• Vegetable oil for frying (grapeseed, canola, and peanut oil work well)


  • Pour the chickpeas into a large bowl and cover them by about 3 inches of cold water. Let them soak overnight. They will double in size as they soak – you will have between 4 and 5 cups of beans after soaking.
  • Drain and rinse the garbanzo beans well. Pour them into your food processor along with the chopped onion, garlic cloves, ginger, green chilies, parsley, flour, salt, cumin, ground coriander, black pepper, cayenne pepper, and cardamom.
  • Pulse all ingredients together until a rough, coarse meal forms. Scrape the sides of the processor periodically and push the mixture down the sides. Process till the mixture is somewhere between the texture of couscous and a paste. You want the mixture to hold together, and a more paste-like consistency will help with that… but don’t overprocess, you don’t want it turning into hummus!
  • Once the mixture reaches the desired consistency, pour it out into a bowl and use a fork to stir; this will make the texture more even throughout. Remove any large chickpea chunks that the processor missed.
  • Cover the bowl with plastic wrap and refrigerate for 1-2 hours.
  • Note: Some people like to add baking soda to the mix to lighten up the texture inside of the falafel balls. I don’t usually add it, since the falafel is generally pretty fluffy on its own. If you would like to add it, dissolve 2 tsp of baking soda in 1 tbsp of water and mix it into the falafel mixture after it has been refrigerated.
  • Fill a skillet with vegetable oil to a depth of 1 ½ inches. I prefer to use cooking oil with a high smoke point, like grapeseed. Heat the oil slowly over medium heat. Meanwhile, form falafel mixture into round balls or slider-shaped patties using wet hands or a falafel scoop. I usually use about 2 tbsp of mixture per falafel. You can make them smaller or larger depending on your personal preference. The balls will stick together loosely at first, but will bind nicely once they begin to fry.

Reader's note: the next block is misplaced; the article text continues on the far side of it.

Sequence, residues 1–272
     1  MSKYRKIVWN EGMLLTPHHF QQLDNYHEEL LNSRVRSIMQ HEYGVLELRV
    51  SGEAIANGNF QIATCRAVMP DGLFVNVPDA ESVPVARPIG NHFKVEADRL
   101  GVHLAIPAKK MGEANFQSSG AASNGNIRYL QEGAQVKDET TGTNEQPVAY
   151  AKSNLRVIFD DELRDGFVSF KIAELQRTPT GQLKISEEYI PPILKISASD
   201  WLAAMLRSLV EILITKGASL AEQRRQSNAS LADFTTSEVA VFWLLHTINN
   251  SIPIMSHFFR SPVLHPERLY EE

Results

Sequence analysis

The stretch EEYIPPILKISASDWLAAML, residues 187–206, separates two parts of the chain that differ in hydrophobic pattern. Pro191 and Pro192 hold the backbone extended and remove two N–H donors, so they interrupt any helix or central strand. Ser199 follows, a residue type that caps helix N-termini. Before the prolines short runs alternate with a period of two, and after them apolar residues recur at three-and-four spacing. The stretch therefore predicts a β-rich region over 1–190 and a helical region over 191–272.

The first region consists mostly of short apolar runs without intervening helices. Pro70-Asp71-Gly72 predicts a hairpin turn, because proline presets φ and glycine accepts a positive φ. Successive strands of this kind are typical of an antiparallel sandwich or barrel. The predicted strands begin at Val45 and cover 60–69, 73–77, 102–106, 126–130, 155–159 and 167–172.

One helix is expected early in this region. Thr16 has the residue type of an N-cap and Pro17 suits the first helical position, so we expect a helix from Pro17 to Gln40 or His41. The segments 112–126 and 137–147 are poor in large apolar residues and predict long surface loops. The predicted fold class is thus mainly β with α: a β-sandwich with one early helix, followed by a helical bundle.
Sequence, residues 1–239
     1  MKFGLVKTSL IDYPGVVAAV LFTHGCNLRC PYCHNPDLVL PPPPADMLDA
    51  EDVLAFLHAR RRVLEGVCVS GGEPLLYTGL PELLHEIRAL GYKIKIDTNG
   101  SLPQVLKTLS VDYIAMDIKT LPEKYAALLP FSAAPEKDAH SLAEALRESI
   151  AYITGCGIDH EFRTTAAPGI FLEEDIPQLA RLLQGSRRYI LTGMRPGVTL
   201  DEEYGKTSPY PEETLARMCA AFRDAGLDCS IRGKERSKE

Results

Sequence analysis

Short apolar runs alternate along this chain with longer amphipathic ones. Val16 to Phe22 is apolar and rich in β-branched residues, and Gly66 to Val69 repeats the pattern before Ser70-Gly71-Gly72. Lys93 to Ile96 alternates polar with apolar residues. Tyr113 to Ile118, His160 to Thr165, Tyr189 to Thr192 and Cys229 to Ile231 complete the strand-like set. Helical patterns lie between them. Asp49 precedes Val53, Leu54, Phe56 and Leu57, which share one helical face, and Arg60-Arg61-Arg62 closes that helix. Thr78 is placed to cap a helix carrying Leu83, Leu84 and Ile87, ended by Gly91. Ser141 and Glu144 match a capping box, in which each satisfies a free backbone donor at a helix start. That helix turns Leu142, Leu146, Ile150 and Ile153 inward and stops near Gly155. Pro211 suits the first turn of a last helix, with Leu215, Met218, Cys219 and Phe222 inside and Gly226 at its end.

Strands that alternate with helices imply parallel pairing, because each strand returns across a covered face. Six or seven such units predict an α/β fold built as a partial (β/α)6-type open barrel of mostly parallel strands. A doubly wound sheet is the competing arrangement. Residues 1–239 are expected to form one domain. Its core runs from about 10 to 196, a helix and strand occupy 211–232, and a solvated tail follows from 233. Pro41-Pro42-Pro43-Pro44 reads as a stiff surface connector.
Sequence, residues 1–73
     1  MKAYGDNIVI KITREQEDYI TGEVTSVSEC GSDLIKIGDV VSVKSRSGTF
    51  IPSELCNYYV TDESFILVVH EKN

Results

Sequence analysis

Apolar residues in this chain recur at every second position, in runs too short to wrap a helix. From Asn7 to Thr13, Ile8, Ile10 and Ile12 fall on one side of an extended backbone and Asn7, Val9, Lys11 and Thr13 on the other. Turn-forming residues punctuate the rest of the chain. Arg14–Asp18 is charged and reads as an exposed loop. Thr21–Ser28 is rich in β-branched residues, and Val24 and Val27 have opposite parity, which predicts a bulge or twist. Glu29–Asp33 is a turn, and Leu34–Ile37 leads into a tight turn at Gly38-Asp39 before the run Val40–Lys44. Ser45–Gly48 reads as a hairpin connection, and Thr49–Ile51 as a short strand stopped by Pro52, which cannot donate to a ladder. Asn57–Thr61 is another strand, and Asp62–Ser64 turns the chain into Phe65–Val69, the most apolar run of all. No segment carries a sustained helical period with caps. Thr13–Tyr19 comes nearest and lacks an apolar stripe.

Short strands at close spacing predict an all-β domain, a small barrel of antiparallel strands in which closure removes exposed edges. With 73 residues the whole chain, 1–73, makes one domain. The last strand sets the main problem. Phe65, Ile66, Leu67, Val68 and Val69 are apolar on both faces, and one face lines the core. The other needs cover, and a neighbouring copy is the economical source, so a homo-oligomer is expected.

Note: if the balls won’t hold together, place the mixture back in the processor again and continue processing to make it more paste-like. Keep in mind that the balls will be delicate at first; if you can get them into the hot oil, they will bind together and stick. If they still won’t hold together, you can try adding 2-3 tbsp of flour to the mixture. If they still won’t hold, add 1-2 eggs to the mix. This should fix any issues you are having.

  • Before frying my first batch of falafel, I like to fry a test one in the center of the pan. If the oil is at the right temperature, it will take 2-3 minutes per side to brown (5-6 minutes total). If it browns faster than that, your oil is too hot and your falafels will not be fully cooked in the center. Cool the oil down slightly and try again. When the oil is at the right temperature, fry the falafels in batches of 5-6 at a time till golden brown on both sides.
  • Once the falafels are fried, remove them from the oil using a slotted spoon.
  • Let them drain on paper towels. Serve the falafels fresh and hot; they go best with a plate of hummus and topped with creamy tahini sauce. You can also stuff them into a pita.


Troubleshooting: If your falafel is too hard/too crunchy on the outside, there are two possible reasons– 1) you didn’t process the mixture enough– return the chickpea mixture to the processor to make it more paste-like. 2) the chickpeas you used were old. Try buying a fresher batch of dried chickpeas next time.

“Almost a mother”? It’s a myth


Recently life is tough, pretty tough with many challenges to overcome, many hurdles to jump and many sleepless nights to go through. But I am hopeful that things will change soon and that the bright light at the end of the tunnel will soon come into view.